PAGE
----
5. Zero Trust:Zensar believes that trust is a good thing and very effective to achieve meaningful collaboration between employees to build a healthy work environment, but when it comes to cybersecurity, trust takes the new dimensions. As per the Zero trust model, trust is interpreted as “Vulnerability.” As in cybersecurity, there is no invincibility, and hence, companies with the best cybersecurity systems and robust policies must continue to trail back and monitor every activity. Keep in mind that Zero trust is an approach as there are no such dedicated tools for zero trust. However, technologies like software-defined perimeter and secure web gateway help to implement zero-trust in a better way.
  6. Mandatory security training: As per the current threat landscape, cyber-attacks are dynamic and most of the time, hackers use novel approaches and special TTP. So, security training should not be a one-time event instead on a recurring timely fashion or on-demand basis. These frequent trainings aim to update employees with the latest cyber-attacks and recent developments in the cybersecurity industry, including new threats and preventive measures.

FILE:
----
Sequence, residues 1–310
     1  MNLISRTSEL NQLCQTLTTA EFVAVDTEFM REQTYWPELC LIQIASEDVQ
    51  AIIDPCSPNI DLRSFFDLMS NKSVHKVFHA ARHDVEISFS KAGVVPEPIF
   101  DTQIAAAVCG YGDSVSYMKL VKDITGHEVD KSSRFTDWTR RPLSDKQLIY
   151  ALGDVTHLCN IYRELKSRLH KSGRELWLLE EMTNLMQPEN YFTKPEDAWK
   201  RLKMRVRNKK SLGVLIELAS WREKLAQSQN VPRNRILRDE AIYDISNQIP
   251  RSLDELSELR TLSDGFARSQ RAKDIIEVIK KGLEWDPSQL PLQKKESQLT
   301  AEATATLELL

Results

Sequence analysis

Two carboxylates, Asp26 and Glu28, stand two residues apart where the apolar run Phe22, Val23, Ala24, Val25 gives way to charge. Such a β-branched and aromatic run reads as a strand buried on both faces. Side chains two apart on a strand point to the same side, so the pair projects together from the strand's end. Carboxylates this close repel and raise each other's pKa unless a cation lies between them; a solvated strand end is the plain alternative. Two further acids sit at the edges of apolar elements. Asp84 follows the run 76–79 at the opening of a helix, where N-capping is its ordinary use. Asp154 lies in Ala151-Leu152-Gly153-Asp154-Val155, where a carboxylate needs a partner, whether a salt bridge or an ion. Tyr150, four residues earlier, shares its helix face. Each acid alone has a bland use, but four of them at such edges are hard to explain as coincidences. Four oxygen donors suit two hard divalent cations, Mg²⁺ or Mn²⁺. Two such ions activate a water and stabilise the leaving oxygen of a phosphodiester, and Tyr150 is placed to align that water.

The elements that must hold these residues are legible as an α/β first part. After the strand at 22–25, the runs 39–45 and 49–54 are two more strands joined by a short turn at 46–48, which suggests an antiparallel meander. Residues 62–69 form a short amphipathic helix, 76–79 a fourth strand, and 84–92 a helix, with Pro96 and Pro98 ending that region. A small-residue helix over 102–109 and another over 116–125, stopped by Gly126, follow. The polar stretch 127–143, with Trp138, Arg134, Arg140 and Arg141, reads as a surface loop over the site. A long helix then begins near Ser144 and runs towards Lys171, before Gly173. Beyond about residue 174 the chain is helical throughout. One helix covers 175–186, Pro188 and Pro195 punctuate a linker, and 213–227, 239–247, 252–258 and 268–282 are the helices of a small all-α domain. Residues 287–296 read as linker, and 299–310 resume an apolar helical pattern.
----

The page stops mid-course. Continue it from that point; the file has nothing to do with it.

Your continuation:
However, while training is important, the organization must focus on building cybersecurity awareness as a culture. So, the employees will understand the criticality and intuitively think about security first. Empower people with the latest information and skills. All in all, organizations should focus on the weakest link and integrating employees into their cybersecurity protocols to make them the strongest link.

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Sourabh

Posted by Sourabh

Sourabh has been working with Zensar in Security Practice as a Solution Architect. Sourabh carries more than 10 years of Cyber Security experience in working with Global clients managing large security delivery and operations team, developing and building Cyber Security product offerings, building PoC labs, product implementation, presales, consulting, and strengthening customer dominance. His expertise lies in Data Security, Data discovery and Classification, Data governance, Endpoint security, AWS cloud security, Honeypots, SIEM, SOAR, log management, Vulnerability management, and Application/software protections. He also holds various security certification viz AZ500, Zscaler Cloud Administrator Internet Access, ZCCAIA Security Specialist, MCAfee ATD Product Specialist and One Trust Targeted Data Discovery Expert.